The Vatican supported that bizarre claim in October, saying that condoms had tiny holes which allowed the virus to pass through - so that to use them would encourage its spread. The WHO angrily called the advice "incorrect" and "dangerous"; Catholics for a Free Choice called the Vatican's policy "a disaster".
The lack of availability of treatments for those who are infected could be called a disaster too - though it has not resulted from any dogma. Instead, it grows from a fundamental dispute between the giant pharmaceuticals companies, the only organizations able to rapidly and effectively research new therapies, and the governments of the countries which need them. Western governments have tried to please both sides, and generally failed.
The drug companies want to price the drugs to fund the expensive research needed to develop the next generation - and perhaps find a chink in HIV's armour that might lead to a vaccine, or a cure.
But African countries cannot afford those prices, and have sought ways around the companies' patents to make generic versions of the drugs - exactly the same chemicals, but without the brand name. That led to threats of trade wars.
Former US president Bill Clinton set up a deal in October for four drug-makers in South Africa and India to sell generic versions of anti-retroviral treatments for a quarter of the price of the patented version.
Dr Bernard Pécoul of the medical charity Médecins Sans Frontières said: "One pill, twice a day at this reduced price is exactly what is needed to rapidly expand the numbers of people receiving anti-retroviral treatment in developing countries. With that announcement, the WHO's '3 by 5' objective becomes much more feasible."
Feasible, yes. But will it happen - and by the time it does, will even more people need the treatment?
Meanwhile, the search for better treatments goes on. "We've been saying that a vaccine is five to 10 years away for 15 years," said Ms Price. "But it is looking more realistic that we will [have one] in the next five years." And since you began reading this article, more than 40 people have been infected with HIV - and more than 20 have died from AIDS.
BOTSWANA: MEDICAL STAFF POACHED BY THE WEST
BY AFRICAN standards Botswana is a success story. Rich in diamonds and with potential for tourism, it is relatively prosperous. Transparency International ranks it among the least corrupt countries in the world.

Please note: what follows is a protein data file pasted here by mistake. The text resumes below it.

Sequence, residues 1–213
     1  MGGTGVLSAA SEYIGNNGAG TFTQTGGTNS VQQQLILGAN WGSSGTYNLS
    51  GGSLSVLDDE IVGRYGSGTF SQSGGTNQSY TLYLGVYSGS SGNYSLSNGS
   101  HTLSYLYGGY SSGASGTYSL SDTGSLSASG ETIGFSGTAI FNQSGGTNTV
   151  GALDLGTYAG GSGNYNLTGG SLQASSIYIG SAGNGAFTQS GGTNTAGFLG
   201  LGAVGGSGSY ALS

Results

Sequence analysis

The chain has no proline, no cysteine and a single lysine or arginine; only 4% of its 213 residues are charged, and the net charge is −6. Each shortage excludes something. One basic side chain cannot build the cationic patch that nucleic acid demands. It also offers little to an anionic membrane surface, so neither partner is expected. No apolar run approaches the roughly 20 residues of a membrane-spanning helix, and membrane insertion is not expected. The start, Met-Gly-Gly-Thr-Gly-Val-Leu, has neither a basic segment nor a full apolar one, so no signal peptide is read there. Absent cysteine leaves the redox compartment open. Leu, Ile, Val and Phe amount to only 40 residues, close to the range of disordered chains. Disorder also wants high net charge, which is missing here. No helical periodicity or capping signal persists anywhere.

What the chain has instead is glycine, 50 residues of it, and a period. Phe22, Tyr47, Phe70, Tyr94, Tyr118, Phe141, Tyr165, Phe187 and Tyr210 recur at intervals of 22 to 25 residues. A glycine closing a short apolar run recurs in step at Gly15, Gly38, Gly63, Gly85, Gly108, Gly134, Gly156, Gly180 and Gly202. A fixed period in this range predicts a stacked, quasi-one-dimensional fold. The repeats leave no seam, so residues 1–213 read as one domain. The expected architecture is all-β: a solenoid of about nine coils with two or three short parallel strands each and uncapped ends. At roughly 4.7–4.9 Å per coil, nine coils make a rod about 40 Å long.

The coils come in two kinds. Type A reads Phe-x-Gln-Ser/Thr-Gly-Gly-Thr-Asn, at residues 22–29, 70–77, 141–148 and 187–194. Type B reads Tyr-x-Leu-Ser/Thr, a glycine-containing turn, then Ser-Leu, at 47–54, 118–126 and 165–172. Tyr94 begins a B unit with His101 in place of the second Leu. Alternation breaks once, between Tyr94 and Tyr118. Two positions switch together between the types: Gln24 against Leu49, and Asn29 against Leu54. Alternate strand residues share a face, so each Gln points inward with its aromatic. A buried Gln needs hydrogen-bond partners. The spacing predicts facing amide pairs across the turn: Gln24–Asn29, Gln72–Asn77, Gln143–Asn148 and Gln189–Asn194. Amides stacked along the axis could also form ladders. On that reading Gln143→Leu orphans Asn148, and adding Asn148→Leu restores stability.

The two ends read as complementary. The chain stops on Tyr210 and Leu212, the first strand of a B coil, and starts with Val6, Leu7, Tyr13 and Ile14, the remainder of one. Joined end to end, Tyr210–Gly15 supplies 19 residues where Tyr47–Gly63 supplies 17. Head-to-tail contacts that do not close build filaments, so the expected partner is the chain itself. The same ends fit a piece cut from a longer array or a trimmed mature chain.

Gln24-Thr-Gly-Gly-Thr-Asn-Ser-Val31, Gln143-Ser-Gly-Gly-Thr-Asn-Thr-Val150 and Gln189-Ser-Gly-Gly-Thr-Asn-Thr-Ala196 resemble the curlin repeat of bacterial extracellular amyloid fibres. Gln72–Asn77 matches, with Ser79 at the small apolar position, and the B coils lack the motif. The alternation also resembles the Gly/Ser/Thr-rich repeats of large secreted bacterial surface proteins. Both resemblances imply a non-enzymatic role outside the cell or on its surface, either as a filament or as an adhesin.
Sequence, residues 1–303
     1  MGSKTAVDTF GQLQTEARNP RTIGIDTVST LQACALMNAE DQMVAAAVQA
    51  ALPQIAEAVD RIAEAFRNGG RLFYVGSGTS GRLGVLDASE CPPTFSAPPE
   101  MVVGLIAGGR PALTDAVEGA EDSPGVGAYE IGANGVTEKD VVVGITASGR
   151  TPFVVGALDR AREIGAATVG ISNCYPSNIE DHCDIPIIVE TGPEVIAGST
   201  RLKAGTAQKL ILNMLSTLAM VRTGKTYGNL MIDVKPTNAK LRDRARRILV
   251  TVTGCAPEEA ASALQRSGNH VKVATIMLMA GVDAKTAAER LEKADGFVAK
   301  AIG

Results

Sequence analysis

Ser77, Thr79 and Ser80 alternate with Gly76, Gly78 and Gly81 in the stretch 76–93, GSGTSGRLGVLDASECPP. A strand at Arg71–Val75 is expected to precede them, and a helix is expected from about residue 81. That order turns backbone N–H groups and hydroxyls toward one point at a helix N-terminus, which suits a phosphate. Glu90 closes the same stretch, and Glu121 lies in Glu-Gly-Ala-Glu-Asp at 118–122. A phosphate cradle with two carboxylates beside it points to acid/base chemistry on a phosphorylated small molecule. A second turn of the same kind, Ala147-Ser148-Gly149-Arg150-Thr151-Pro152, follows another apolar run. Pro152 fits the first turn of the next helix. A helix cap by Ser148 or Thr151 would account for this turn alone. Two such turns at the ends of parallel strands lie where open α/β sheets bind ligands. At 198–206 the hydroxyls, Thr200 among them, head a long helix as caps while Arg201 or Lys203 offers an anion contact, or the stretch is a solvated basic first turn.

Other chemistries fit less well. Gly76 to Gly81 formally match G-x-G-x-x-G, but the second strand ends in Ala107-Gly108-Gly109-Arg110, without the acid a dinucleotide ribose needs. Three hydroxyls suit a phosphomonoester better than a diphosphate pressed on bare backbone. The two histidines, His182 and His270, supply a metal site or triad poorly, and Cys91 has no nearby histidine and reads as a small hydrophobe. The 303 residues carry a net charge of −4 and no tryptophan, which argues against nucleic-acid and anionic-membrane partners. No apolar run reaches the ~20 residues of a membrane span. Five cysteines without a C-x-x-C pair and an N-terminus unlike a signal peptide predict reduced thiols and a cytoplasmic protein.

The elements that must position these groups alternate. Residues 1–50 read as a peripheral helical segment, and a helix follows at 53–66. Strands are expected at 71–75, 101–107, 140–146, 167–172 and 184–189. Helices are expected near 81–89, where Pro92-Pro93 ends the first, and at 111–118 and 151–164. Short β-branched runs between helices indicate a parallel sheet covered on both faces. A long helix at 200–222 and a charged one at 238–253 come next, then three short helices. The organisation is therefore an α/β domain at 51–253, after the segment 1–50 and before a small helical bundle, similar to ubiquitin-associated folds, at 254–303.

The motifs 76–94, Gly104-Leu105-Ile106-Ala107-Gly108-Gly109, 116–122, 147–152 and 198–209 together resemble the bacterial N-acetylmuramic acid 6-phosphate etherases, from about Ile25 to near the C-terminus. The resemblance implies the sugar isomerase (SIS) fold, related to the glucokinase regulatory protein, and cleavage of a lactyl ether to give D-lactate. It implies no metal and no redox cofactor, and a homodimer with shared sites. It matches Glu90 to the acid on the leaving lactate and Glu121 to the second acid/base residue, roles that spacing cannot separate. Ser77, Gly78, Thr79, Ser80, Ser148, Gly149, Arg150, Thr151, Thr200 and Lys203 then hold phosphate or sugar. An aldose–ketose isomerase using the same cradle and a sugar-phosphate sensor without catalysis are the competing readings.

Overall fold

Yet nowhere is the devastation wreaked by AIDS more evident than in Botswana. When Kofi Annan, the United Nations secretary general, warned last week of the "genocide of a generation" he must surely have had this small southern African nation in mind. More than 35 per cent of a population of 1.6 million are HIV-positive. That makes Botswana the country with the highest infection rate in the world. In the sexually active age group, (15 to 49), the infection rate is close to 40 per cent.
By 2010, half of all children in the country will be AIDS orphans, and the average life expectancy will have fallen from 47 to 27. AIDS is killing the people Botswana needs to mine its diamonds and teach in its schools. The 6,000-strong Botswana police force loses 10 people a month to the virus and the army also has high rates of infection
Unlike many African leaders, Botswana's President Festus Mogae has taken the lead in mobilizing his people to fight AIDS and has spearheaded Africa's first antiretroviral drugs program. But Botswana's nurses, doctors, pharmacists and other health workers qualified to run such a program. are leaving. Britain, America and other European countries have poached them. Botswana recently lost 130 nurses to Britain and the country's 6,000-strong nursing workforce is not large enough to deal with the country's health needs. Only 9,000 out of a possible 110,000 patients have been enrolled on the antiretroviral program.
Mompati Merafhe, the Foreign Minister, has raised the issue of poaching with the British Government. To the private agencies that recruit the staff, he said: "How heartless can you be? Why do you recruit medical personnel from countries which are so afflicted by AIDS?" At Princess Marina Hospital in the capital, Gaborone, 3,000 patients are enrolled on a program. but there are only 30 nurses trained to run it.
Mr Mogae has pursued other avenues. He has told his ministers to include AIDS awareness in every speech. "Even when opening a building, the President has instructed us to talk about AIDS" Mr Merafhe said. The President had an AIDS test to try to remove the stigma. He admits that the taboo about AIDS hampers efforts to combat it. "People are not willing to talk about the HIV/AIDS pandemic" he said.
© 2003 Independent Digital (UK) Ltd